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 Education in Human Values
Interview with Dr Yoshio Takahashi
by Andrea Bistrich

An interview with Dr. Yoshio Takahashi, founder of the Sai College in Japan, which promotes education in human values and  international brotherhood. 

Prasanthi Nilayam, Andhra Pradesh, India Dr Yoshio Takahashi
Confucius once said: "If you are planning ahead for one year, plant a seed, for 10 years, a tree, but if you are planning for 100 years, educate the children." That is the guideline which is basic to the Education in Human Values (EHV) colleges and universities inspired by Sri Sathya Sai Baba. One of those colleges is the Sai College which was founded in 1997 in Japan. Share International correspondent Andrea Bistrich spoke with Dr Yoshio Takahashi, the founder and present vice-director of the College, when they met at Prasanti Nilayam, Sai Baba's Ashram in Puttaparthi, India.

Share International
: What are the main principles of the College?

Dr Yoshio Takahashi: It is an academic institution based on Swami's philosophy, the philosophy of Sri Sathya Sai Baba. The main principle of the College is international brotherhood. We wanted to build an academy without barriers – neither in nationality, nor colour, nor race. We wanted to emphasize the quality which is called love.

SI: Could you explain in more detail what you mean exactly by "Swami's philosophy"?

YT: Our students learn about the universal human values which are, as Swami says: Sathya, Dharma, Shanti, Prema and Ahimsa. These are called the five pillars of wisdom. To explain briefly: Sathya means the deep truth of being which, in fact, everyone seeks to achieve; Prema is the pure, divine and selfless love; Ahimsa means non-violence in thought, word and action; Dharma could be translated as right living. In our daily lives, and wherever we are and whatever we do, we have to put into practice the values of truth, selfless love or brotherhood, and non-violence. This means right living according to the human values, and, inevitably, that will lead to the last pillar which is Shanti – total peace.

These five pillars of wisdom are the ethical and moral guidelines in all the Sai schools, from kindergarten to university. We keep them, but they're not bound to any religion or cult.

SI: Do the pupils and students learn more, or better, with that ethical background in mind?

YT: It is not a case of whether they will learn more or less. What our college encourages is independent thinking.

SI: How does this fit into today's society which is based on more materialistic ideas?

YT: We try to support our students as much as we can, even after they have left college – although we hope that they will integrate what they have learned into their daily life in society. But it depends on the students themselves what they do with the given wisdom.

SI: Which means that you need a good relationship with your studentsÖ

YT: Yes, we have life-long relationships. We know them personally and they know who we are. That is the reason why we usually, before entry, want them to check if this college would be the right thing for them and we, on the other hand, have to be sure that they are the right student for us. The only exemptions are students who don't have any resources to cover their college costs. They have no choice, and we should be conscious of that and take care of their education anyway.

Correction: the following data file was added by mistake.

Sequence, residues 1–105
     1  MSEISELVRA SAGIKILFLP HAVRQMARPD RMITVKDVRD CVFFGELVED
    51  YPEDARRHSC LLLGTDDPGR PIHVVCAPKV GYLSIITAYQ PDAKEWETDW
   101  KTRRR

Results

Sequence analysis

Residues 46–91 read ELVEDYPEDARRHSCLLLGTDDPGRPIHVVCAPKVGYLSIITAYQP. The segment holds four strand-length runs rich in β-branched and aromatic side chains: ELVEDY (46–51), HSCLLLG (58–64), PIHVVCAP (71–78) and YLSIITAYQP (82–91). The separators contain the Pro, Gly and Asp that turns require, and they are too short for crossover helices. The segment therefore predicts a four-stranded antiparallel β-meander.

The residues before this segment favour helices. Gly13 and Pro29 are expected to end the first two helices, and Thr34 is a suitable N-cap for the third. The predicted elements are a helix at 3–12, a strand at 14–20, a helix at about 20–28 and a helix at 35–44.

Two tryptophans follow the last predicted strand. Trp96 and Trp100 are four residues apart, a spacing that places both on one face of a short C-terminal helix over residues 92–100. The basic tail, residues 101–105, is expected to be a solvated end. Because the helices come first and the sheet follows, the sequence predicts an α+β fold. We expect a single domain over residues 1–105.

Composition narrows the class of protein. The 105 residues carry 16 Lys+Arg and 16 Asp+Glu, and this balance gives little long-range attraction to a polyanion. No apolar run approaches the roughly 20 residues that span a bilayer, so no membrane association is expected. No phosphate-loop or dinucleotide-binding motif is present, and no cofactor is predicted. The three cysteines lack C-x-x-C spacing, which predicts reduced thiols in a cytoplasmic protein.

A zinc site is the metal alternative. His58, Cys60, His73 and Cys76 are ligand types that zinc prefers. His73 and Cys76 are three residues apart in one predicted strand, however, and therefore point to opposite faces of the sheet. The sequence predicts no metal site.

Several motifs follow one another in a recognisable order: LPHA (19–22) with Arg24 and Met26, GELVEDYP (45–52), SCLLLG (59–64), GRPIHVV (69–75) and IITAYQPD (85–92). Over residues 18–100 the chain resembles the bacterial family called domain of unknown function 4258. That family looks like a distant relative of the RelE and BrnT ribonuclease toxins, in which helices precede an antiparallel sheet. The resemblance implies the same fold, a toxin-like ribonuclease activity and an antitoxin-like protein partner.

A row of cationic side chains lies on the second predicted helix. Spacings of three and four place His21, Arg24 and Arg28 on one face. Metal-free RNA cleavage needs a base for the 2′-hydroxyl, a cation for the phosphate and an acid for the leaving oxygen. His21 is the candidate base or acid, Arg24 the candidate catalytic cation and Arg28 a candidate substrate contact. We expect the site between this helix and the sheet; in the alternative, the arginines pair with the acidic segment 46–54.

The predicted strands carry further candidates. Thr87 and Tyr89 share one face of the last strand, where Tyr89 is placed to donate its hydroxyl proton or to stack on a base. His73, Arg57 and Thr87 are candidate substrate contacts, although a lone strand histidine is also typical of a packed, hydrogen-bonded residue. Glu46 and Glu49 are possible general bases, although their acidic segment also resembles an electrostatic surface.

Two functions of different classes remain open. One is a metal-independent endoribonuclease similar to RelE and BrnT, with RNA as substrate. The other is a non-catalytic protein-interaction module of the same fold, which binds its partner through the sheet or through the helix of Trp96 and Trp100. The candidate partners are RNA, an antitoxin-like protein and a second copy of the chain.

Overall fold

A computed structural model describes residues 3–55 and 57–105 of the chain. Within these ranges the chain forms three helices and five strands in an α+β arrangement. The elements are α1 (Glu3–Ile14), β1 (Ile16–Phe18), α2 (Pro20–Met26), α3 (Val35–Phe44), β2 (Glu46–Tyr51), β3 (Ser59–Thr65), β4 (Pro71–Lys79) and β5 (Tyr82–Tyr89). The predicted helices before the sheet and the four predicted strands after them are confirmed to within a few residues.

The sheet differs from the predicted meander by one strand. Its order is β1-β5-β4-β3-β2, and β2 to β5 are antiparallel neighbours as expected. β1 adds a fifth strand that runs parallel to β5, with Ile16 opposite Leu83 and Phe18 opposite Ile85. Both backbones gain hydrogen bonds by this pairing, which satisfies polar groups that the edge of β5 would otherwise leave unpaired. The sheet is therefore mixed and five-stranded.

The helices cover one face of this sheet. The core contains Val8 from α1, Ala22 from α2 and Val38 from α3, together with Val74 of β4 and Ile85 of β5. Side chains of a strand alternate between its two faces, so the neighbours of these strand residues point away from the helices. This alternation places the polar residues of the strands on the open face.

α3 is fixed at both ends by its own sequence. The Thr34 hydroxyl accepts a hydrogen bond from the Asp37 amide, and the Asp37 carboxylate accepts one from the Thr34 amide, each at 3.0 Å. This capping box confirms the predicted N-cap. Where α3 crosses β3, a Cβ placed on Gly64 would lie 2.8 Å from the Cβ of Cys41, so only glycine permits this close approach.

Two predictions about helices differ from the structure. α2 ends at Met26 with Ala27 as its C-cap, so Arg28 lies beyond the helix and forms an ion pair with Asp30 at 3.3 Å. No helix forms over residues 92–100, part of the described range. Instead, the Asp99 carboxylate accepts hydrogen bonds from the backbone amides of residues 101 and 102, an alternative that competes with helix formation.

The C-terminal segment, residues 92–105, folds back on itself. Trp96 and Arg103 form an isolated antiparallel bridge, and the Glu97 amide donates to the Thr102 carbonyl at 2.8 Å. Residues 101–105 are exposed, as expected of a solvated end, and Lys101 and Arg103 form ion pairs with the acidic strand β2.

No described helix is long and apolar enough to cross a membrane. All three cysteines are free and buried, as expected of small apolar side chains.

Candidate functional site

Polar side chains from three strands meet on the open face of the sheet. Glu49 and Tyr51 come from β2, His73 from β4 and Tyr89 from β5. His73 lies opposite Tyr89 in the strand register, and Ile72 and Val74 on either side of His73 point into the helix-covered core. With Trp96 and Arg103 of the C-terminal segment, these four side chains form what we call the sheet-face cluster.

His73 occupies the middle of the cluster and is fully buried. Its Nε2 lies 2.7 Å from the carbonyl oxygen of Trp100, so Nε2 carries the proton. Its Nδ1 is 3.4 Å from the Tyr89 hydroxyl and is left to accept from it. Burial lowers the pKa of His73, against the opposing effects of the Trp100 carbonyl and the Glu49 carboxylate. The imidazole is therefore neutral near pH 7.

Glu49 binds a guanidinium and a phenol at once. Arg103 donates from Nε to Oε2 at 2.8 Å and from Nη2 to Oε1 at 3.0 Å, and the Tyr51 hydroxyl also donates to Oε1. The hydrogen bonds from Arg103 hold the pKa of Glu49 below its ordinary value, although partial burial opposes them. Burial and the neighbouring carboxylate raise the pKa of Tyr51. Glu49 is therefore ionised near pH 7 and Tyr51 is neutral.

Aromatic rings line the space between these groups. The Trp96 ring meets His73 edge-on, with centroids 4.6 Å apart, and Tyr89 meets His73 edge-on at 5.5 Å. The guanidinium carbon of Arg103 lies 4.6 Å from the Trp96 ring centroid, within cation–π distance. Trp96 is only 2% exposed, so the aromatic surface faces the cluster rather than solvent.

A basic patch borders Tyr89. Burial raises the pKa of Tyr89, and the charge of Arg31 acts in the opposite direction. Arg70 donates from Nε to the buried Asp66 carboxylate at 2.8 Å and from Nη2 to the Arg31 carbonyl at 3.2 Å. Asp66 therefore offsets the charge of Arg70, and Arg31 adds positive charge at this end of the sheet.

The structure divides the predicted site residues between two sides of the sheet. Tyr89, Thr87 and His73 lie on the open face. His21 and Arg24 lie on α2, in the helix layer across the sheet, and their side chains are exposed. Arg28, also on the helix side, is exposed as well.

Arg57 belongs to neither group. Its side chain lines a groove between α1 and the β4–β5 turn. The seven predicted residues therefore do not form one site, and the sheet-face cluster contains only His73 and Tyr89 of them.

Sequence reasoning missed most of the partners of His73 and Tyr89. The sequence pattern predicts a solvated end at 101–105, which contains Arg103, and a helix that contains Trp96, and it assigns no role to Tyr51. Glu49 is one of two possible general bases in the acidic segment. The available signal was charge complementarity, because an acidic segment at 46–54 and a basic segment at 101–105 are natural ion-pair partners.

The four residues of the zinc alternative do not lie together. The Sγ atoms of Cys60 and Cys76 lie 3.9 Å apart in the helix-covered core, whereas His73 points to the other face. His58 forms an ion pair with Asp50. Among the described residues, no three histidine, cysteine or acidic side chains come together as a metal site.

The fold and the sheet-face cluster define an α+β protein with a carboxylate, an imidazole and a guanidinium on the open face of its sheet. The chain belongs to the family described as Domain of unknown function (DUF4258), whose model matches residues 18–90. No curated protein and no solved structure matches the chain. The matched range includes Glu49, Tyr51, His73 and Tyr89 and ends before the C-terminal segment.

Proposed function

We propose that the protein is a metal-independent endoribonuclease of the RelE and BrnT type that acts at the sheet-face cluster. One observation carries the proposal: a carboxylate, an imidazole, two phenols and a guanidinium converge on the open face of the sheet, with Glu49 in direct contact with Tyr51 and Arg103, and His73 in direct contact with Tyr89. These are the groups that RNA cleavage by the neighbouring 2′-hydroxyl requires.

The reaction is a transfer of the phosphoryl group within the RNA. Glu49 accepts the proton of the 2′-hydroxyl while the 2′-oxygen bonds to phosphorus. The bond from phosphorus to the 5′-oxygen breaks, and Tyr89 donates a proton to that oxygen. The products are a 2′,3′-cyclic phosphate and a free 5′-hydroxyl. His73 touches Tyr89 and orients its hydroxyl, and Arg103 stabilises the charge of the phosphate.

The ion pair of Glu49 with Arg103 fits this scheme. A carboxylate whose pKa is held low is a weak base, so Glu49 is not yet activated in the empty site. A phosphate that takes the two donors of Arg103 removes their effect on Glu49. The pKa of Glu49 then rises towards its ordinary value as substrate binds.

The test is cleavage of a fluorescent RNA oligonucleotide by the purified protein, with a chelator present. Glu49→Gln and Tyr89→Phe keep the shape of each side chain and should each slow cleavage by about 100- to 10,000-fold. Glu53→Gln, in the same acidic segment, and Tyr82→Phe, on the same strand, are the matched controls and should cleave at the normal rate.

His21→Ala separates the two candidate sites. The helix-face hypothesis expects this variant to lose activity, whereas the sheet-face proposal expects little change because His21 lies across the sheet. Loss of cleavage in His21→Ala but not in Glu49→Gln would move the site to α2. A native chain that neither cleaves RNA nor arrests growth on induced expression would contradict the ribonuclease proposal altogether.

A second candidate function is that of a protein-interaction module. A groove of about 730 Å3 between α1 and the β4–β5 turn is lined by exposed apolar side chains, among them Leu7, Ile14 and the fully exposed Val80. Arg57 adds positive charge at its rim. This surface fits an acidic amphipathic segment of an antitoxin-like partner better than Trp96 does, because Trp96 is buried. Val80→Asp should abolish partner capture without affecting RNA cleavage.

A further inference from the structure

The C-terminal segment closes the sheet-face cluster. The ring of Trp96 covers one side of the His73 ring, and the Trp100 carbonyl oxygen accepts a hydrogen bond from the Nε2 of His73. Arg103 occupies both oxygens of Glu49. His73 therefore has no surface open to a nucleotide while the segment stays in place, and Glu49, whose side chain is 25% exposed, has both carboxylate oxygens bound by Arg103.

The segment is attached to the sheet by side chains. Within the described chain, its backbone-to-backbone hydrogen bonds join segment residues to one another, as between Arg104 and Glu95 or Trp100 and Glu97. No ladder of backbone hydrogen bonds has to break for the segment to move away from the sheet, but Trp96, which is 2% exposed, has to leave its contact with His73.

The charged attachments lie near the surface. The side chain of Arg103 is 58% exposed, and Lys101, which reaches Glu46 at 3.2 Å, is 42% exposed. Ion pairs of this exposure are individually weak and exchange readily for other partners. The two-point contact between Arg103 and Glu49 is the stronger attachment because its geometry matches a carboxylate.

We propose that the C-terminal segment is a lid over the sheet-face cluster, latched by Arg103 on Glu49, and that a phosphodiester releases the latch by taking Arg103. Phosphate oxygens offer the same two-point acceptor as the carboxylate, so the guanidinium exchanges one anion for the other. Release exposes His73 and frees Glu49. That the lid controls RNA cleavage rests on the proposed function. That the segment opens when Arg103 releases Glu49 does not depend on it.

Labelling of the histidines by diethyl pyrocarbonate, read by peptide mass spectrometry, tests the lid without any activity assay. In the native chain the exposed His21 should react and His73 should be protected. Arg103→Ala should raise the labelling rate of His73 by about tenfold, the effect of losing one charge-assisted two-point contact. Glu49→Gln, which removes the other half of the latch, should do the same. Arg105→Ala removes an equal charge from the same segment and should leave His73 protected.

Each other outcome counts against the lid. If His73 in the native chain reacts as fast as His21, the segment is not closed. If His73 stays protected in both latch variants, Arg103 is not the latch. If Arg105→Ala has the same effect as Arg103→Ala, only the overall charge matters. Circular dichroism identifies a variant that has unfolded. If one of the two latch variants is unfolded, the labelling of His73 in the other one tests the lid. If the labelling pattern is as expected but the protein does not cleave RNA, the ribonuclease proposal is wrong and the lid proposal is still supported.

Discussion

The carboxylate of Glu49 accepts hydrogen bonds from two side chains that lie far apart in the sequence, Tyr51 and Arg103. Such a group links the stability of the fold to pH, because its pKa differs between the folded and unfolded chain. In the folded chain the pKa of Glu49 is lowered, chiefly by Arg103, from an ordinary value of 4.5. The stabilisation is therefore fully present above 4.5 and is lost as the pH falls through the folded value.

SI: You have just set up a new university in Hawaii according to that EHV-model.

YT: That's right, yes. K.P. University is a distance-learning university based in Honolulu and affiliated to the Sai College in Japan. On 1 March 1999 it will open its doors under the guidance of Swami's brother and honorary chancellor Dr Ratnakara Janakiram. But, to make it clear, we are not part of the Sai organization and so we are not approved or supported by the Sathya Sai Central Trust.

SI: What subjects do you offer?

YT: Philosophy, Arts, Computer Sciences, and we have planned more for the future.

Swami says: "The end of education is character." And that is what we are trying to do: develop character from a basis of spiritual values. For that reason we also try to avoid as much as possible those unnecessary courses which in ordinary universities you have to take whether you like it or not, even when they are not related to the subject you study. If you, for example, study religion you shouldn't be obliged to take courses in mathematics or statistics.

SI: Would you describe that university as a first step to a better society?

YT: Yes, definitely. It is a small drop of contribution to change our troublesome situation to one of peace and harmony. Of course, it needs much more than one little distance-learning school. But with all the little drops we can fill a bottle of water.

SI: What is your vision for the education of the future?

YT: The most important to my mind are right human relationships. The capacity to understand each other, the capacity to love and to share with other people. Therefore, the goal of K.P. University is to be a "university of the heart". Not purely intellectual; but, instead, human emotions, human feelings and values must be given the proper place.

From the April 1999 issue of Share International

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First published April 1999, Last modified: 15-Oct-2005